- Earthquakes rattle both nerves and the contents of your home. Make sure that overhead light fixtures are anchored securely and that breakable and heavy objects are placed on lower shelves and cabinets, not up high. It also helps to keep heavy, wall-mounted objects like mirrors and frames away from seating areas. If needed, install bolts and latches on cabinets.
- Ensure that there is no faulty electrical wiring or leaky gas connections anywhere around the home. These are both potential fire sources. Bolt and brace water heaters and gas appliances to wall studs. And most importantly, know how to turn your utilities off.
If you notice significant cracks in the ceilings or foundation of your home, don’t ignore them. Consult a general contractor or seismic retrofit specialist to take a look around and assess if work should be done. You never know, some earthquake touch-ups might result in greater energy-efficiency.
- In the garage, make sure that anything flammable, pesticides, and any chemical products are kept in secure places where they cannot spill.
- Pick out a “safe place” to take cover if an earthquake hits. Indoors, this would be under a desk or any sturdy, large piece of furniture that's away from windows, mirrors, and pieces of furniture that could potentially topple over. Once you've found something to hide under, remember to duck, cover, and hold on. If hiding under something is not a quick option, secure yourself against an inside wall.
- Stash an earthquake kit or two in easily accessible areas of the home. The San Francisco Chronicle has detailed instructions on how to assemble a DIY earthquake kit or you can look into preassembled earthquake kits from companies like Quake Kare, Nitro-Pak, American Family Safety, Earthquake Store and Earth Shakes.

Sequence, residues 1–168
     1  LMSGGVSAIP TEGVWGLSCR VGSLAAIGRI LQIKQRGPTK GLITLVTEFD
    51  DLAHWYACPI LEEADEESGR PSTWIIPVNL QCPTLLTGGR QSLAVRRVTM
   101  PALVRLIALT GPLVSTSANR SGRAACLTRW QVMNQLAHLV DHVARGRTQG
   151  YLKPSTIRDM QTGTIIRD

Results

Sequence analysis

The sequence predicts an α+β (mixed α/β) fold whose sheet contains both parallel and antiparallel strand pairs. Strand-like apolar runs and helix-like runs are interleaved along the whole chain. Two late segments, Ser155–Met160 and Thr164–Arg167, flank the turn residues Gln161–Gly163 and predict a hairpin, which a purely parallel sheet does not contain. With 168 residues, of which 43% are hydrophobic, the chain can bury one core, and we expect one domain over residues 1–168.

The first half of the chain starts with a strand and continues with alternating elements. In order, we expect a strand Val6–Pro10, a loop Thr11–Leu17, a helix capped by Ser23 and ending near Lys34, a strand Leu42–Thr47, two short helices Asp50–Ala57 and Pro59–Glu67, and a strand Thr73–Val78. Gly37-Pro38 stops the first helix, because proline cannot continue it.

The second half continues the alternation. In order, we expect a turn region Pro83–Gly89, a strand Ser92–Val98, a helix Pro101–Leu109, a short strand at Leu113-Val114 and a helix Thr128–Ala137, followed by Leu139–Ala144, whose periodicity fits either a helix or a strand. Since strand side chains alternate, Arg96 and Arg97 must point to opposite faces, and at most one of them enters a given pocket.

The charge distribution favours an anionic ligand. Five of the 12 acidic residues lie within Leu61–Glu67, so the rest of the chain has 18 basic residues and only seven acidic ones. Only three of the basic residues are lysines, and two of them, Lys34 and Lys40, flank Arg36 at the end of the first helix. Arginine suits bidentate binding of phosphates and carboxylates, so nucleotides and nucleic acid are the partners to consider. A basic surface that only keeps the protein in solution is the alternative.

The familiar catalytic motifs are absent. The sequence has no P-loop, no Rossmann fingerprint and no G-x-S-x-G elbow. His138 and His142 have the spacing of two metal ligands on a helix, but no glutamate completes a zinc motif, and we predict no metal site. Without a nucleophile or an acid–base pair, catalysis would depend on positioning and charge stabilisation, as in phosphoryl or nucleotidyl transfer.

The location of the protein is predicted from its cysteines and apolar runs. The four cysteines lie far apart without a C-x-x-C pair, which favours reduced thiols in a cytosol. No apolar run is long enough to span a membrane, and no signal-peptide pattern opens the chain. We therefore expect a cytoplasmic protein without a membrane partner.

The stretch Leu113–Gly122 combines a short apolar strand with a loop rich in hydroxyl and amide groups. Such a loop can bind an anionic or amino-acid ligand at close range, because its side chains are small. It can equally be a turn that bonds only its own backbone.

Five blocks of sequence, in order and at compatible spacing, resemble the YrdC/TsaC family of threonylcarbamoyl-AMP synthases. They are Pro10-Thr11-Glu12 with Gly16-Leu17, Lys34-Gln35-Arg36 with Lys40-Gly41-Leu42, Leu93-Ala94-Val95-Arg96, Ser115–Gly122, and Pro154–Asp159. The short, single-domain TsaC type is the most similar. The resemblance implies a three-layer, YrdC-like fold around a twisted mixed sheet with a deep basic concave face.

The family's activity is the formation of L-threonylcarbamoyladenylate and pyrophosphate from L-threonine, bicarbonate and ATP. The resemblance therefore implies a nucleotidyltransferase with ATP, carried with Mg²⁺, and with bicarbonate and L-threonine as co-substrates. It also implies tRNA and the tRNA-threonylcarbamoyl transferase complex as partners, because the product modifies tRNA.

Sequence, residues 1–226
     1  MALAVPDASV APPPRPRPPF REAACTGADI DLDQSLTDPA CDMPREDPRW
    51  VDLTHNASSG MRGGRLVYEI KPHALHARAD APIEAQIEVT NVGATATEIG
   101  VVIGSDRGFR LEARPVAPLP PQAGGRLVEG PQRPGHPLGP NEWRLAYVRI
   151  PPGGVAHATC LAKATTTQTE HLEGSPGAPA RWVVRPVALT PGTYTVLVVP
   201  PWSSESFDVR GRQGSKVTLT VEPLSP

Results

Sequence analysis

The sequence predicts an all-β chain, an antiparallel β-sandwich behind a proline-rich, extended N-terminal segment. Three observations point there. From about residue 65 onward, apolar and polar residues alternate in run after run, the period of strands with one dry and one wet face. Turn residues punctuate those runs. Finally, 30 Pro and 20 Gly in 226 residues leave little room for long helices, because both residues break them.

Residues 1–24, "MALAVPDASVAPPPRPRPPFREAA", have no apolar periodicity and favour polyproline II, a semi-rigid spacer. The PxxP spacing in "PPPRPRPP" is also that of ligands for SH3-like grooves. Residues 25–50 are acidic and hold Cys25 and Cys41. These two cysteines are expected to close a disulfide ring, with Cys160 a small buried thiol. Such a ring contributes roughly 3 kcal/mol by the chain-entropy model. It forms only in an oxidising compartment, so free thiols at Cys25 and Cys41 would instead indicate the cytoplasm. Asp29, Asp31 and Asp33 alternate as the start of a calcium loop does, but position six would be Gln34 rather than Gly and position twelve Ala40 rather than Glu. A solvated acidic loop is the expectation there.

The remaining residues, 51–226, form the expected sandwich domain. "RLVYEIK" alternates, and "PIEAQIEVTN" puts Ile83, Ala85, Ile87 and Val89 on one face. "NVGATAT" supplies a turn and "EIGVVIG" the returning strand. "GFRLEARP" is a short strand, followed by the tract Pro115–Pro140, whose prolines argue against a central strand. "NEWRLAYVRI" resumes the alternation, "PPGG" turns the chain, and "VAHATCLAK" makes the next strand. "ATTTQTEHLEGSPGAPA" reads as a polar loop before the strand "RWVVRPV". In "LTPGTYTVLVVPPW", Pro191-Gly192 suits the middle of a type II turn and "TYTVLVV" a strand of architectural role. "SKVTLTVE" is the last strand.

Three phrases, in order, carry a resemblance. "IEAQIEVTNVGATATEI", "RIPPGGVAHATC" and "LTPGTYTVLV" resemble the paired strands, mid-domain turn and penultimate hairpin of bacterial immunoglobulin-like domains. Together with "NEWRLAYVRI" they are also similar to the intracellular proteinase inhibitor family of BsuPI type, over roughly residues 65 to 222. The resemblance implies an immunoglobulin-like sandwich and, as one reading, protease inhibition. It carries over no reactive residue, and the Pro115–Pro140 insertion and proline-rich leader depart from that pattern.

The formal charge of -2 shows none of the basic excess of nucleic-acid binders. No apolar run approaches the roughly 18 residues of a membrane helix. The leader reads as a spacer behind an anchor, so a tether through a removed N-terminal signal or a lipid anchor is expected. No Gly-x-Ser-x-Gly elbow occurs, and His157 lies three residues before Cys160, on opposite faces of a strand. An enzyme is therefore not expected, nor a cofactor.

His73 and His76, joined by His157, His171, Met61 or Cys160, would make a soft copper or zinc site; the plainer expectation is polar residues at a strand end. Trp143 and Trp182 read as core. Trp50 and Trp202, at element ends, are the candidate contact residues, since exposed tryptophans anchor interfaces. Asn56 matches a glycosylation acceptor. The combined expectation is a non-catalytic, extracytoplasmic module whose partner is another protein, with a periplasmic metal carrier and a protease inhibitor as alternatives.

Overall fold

General 72-hour survival kits are also an option since most contain the same supplies as earthquake-specific kits. StanSport makes a comprehensive disaster kit available at retailers like Walmart and Amazon.com. Whatever kit you choose, make certain that the basics — first-aid supplies, non-perishable food, water (at least one gallon per person, per day), flashlights with extra batteries, cash, sturdy shoes, a can opener, a battery-powered or hand-crank radio, and a wrench or pillars to turn off utilities — are included. Also ensure that the kit can accommodate the size of your family and special needs like medical conditions that anyone might have.
- Epicureans experience earthquakes, too … SF Weekly has recommendations on how to prepare “The Ultimate Foodie Earthquake Kit.”
- It’s not entirely pleasant to think about, but the Red Cross offers a wealth of information on what to do before, during, and after an earthquake. It’s certainly worth reviewing yourself or with your family especially if there are kids in the house. And if you don’t live in an earthquake-prone area, the Red Cross also provides info on other events ranging from wildfires to tsunamis.
- Quake vets, have any insights you'd like to share on how to prepare yourself at home?
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